• share (increasingly scarce) resources appropriate to the learning taking place
  • encourage learners to interact spontaneously
  • draw on moments of serendipity
  • allow facilitators to pick up on motivations of learners and tailor instruction/guidance as a result
  • space becomes interactive, multi-sited, 'porous' and dynamic.

These days the Internet is our information universe, as Oblinger described it. For many, the Internet has become a personalised learning space; flexible, dynamic, fluid and connected.

(Image by Mobology)

In light of this, I liken a refreshed definition of blended learning to RSS. Stephen Downes (in his eFest keynote) described RSS as a 'mess' of technologies (of which there are a number of variations). We use RSS to 'pull' information and services to us to suit our individual needs and preferences. RSS is a good metaphor (as well as a technical tool) for understanding ways in which learners can pull together threads of learning to create a blended setting in which learning occurs - elements loosely joined. We could very well view learning as a 'pull' activity, dependent on the learner's preferences and needs at the time. A learner can 'RSS' types, formats, contacts (activities, networks, resources), blending their own learning environment.

This recognises the diversity of learning needs, the complexity of opportunities (as well as drawbacks or gaps) faced by learners, and realises the strength of an integrated approach -- all facilitated by the learner (supported by a network of others). What all definitions of blended learning lack, according to Oliver and Trigwell "is an analysis from the perspective of the learner", where the term "'learning' is rightfully returned to the learner" (2005, p.24).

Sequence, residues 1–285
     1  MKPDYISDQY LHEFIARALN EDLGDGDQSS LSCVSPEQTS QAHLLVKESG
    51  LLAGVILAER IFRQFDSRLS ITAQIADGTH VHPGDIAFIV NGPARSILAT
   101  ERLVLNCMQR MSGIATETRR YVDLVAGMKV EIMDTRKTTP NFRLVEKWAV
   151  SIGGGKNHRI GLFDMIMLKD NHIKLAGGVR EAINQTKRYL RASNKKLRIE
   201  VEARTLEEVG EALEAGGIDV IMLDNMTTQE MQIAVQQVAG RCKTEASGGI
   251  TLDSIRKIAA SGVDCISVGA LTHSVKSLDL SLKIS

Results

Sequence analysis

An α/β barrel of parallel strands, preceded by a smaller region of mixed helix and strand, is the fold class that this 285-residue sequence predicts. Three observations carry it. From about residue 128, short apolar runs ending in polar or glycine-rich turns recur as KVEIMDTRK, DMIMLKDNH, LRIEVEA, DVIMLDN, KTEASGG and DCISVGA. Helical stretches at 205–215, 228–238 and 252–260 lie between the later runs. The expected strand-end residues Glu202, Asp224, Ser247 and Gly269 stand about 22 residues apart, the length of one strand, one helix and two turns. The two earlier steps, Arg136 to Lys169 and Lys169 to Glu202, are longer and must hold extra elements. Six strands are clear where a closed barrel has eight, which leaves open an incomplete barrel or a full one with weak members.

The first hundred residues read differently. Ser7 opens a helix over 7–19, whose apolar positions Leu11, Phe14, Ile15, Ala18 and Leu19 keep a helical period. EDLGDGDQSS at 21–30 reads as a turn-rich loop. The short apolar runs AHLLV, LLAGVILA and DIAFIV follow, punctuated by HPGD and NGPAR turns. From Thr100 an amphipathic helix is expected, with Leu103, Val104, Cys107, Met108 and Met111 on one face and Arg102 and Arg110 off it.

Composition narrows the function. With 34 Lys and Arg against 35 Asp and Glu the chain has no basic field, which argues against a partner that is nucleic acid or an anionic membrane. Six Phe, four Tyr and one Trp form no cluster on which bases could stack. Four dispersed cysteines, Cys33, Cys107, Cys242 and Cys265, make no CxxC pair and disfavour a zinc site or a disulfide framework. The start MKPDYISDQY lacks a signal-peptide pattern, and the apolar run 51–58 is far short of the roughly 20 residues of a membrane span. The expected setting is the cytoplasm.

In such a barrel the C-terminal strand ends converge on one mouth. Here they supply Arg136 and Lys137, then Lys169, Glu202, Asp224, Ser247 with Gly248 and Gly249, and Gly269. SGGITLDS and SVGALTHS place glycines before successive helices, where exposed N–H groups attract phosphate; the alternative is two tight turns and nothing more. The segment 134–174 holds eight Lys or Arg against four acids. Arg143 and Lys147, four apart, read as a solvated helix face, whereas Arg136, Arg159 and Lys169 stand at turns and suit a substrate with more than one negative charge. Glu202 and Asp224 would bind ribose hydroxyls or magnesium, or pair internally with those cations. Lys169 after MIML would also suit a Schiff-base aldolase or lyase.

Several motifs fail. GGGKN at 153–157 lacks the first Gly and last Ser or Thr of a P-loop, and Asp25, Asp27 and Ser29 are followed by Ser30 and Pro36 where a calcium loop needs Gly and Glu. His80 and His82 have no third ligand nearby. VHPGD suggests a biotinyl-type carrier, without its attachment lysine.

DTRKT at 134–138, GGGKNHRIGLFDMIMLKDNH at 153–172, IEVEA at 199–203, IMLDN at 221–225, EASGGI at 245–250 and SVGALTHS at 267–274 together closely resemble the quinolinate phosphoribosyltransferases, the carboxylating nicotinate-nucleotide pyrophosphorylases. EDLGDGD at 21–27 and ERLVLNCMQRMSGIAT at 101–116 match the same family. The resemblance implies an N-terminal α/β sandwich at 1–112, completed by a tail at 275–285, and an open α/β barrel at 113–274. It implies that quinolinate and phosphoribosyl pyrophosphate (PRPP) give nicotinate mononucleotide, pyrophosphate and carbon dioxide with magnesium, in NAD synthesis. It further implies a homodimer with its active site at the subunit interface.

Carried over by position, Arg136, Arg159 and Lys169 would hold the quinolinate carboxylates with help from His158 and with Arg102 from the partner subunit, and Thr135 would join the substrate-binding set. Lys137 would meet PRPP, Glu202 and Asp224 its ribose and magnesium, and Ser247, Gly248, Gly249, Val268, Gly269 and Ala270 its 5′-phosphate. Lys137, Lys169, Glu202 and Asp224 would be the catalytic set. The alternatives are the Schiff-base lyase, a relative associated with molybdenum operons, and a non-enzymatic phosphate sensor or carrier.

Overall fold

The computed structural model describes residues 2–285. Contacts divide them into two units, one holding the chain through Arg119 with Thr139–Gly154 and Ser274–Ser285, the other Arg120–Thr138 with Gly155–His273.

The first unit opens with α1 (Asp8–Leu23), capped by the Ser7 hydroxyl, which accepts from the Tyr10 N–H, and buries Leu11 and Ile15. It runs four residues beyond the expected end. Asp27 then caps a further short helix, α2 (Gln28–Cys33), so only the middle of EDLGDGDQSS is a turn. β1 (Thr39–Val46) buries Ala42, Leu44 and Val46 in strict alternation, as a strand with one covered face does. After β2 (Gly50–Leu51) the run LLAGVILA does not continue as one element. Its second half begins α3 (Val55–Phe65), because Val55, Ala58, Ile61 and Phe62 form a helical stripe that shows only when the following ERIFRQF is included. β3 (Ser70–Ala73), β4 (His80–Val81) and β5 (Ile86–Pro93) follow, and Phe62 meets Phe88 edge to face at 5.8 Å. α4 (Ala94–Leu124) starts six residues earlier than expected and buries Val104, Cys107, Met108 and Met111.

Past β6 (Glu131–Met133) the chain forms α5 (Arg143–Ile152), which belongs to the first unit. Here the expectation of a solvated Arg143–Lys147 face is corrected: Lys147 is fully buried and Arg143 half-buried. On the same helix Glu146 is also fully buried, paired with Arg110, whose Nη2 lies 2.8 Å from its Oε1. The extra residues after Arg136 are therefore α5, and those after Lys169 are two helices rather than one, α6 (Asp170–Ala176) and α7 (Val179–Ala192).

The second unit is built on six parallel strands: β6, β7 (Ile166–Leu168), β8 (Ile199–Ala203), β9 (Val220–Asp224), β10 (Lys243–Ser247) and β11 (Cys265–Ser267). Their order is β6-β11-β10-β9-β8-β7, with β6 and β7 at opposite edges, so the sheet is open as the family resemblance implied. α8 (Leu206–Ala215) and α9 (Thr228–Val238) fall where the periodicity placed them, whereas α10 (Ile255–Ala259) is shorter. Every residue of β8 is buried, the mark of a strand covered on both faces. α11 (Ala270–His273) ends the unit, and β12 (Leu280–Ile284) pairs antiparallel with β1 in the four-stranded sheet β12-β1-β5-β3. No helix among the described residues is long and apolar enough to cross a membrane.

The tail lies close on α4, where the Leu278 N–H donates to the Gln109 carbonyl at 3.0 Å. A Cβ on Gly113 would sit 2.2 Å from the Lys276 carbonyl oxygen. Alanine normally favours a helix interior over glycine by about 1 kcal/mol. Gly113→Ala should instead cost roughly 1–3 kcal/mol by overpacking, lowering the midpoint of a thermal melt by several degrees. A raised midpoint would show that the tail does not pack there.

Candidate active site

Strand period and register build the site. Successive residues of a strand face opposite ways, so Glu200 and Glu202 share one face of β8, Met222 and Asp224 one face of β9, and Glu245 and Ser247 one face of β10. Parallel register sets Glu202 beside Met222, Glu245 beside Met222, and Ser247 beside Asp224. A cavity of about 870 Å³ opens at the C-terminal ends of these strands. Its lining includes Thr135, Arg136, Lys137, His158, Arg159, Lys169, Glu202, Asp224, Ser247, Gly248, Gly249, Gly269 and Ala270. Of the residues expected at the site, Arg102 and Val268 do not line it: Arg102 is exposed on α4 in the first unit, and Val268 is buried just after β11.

Concluding questions...

As we continue to debate the future(s) of learning, Downes additionally challenges us with the notion of an alternative education system that is publicly funded and open to all, "that could be tapped into by traditional institutions, if they choose". Is it possible it could be something like this?

  • An 'RSS-ed' view where the learner draws together threads/services (metaphorically and technically) to create their own learning space, complete with people, resources and contextualised information?
  • Should we be thinking more about future scenarios that are set to challenge the relevance of our current systems?
  • Do we attempt to eat our current systems from the inside-out OR must we take the party elsewhere?
  • Should our institutions operate more like 'containers' for supporting learning spaces (through provision of infrastructure), motivated more by the learners' needs and less by curriculum?
  • Will there come a day when we can say "ACME Institute works for me?"
  • Will education return to being a (publicly-funded) service supporting people, instead of a business focused on 'user pays' and 'the bottom line'?
  • How do we engage with the tensions of education in a networked society?


Downes, S. (2006) Keynote address, eFest 2006, September 27-29, Wellington, NZ.

Kishore, N. (2002) Blended learning - Fixing the mix, NIIT Technologies.

Oblinger, D. (2006) Keynote address, eFest 2006, September 27-29, Wellington, NZ.

Oliver, M. & Trigwell, K. (2005) Can 'blended learning' be redeemed? E-Learning, 2(1), 17-26.

Images by margoconnell, unless otherwise stated.